What I worry about most are those riders that do not know their own capabilities (or lack of them) with respect to falling asleep which strikes without warning.
No one can claim that forcing someone to be more deprived of sleep when they operate a vehicle on our roads "does not increase risk". Further, considering the (office party, house party) lawsuits, I am sure that if someone got into a car after a Flèche and there was a serious accident through falling asleep, the directors of BC Randonneurs could most certainly be named in a law suit, even if it were just ICBC protecting their financial interests, let alone the families and livelihoods of those affected.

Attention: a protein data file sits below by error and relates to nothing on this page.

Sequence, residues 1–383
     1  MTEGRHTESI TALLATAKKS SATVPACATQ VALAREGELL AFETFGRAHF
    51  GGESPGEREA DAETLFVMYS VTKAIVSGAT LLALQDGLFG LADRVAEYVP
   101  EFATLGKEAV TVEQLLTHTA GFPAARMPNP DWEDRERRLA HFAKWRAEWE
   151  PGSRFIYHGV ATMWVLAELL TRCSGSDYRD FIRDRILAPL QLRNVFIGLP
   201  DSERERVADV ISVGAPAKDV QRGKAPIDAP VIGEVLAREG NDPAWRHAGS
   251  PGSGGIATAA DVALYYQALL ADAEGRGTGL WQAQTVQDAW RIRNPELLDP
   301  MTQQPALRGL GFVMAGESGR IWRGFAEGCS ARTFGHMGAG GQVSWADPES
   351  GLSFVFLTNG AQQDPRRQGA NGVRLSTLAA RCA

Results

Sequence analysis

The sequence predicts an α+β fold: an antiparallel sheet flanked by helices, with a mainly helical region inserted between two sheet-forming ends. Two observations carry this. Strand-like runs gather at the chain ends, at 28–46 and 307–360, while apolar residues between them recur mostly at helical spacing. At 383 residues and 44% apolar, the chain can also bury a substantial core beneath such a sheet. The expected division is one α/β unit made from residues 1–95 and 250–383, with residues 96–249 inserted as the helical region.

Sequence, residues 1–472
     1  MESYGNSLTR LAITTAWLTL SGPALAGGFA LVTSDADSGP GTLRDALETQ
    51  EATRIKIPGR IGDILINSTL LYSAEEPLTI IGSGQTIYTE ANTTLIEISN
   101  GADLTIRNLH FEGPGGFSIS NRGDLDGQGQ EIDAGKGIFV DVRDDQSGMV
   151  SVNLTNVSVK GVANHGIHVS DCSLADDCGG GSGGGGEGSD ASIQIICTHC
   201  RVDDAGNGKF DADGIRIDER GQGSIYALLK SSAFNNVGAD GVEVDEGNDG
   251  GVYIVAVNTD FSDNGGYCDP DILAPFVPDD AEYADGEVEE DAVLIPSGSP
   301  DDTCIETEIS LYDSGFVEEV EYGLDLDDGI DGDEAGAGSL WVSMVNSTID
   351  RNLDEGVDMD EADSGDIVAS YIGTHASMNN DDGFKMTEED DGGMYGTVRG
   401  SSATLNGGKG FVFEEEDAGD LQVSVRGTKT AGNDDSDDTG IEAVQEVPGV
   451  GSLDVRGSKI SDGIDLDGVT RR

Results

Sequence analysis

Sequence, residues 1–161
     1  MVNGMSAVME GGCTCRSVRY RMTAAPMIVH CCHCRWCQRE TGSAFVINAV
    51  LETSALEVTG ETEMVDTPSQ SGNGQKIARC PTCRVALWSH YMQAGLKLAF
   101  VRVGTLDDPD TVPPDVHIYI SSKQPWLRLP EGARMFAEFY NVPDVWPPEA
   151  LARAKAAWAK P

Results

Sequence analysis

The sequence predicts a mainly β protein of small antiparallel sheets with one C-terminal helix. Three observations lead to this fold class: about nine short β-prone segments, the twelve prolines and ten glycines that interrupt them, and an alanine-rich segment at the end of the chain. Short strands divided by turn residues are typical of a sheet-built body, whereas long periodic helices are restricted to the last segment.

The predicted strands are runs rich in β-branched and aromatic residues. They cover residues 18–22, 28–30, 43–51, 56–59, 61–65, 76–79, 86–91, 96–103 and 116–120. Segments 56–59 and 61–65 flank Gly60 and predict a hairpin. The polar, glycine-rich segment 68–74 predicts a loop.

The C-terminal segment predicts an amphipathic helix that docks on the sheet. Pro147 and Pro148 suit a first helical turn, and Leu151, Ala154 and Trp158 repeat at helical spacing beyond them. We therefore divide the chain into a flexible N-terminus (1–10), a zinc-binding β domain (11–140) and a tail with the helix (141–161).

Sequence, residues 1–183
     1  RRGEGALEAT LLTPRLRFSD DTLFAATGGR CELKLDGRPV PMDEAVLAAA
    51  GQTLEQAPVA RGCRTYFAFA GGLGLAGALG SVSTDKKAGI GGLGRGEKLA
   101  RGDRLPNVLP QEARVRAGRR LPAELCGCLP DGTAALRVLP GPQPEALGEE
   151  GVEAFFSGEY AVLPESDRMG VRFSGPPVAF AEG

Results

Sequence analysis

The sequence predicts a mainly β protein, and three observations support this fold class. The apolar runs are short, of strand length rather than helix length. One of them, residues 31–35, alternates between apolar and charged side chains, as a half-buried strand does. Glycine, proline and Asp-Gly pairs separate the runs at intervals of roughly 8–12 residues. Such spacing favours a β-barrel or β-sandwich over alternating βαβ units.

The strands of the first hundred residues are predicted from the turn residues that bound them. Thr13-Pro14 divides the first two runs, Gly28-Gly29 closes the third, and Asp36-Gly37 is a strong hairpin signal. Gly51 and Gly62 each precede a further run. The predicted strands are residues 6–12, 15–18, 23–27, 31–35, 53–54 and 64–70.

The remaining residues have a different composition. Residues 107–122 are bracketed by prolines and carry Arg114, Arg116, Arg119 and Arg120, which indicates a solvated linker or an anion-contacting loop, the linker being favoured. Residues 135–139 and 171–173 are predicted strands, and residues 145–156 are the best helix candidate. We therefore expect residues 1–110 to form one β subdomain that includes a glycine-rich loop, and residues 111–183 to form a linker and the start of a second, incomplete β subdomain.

As organizers, I believe it is our obligation to do everything in our capacity to ensure a safe a ride as possible. Under the law's eyes there will be no exceptions to that rule. If we are negligent in that we may just wind up on the wrong side of a liability suit. However, in my mind the tragedy if something did go wrong is still far worse than my fear of safeguarding ourselves from liability exposure.
The only purpose of the new rule as far as I can see is to get more serious racers, or to detract from it being a social event. Does anyone see any useful aspects of this new rule? The downside risk of injury or potential loss of life from someone falling asleep on the bike or more seriously behind the wheel of a car on the way home after a hot pool and large meal is a far more serious consideration in my opinion.
I suggest that we ask ACP for a 1-year exemption from enforcing this rule while we discuss its safety aspects with both our insurance companies and theirs.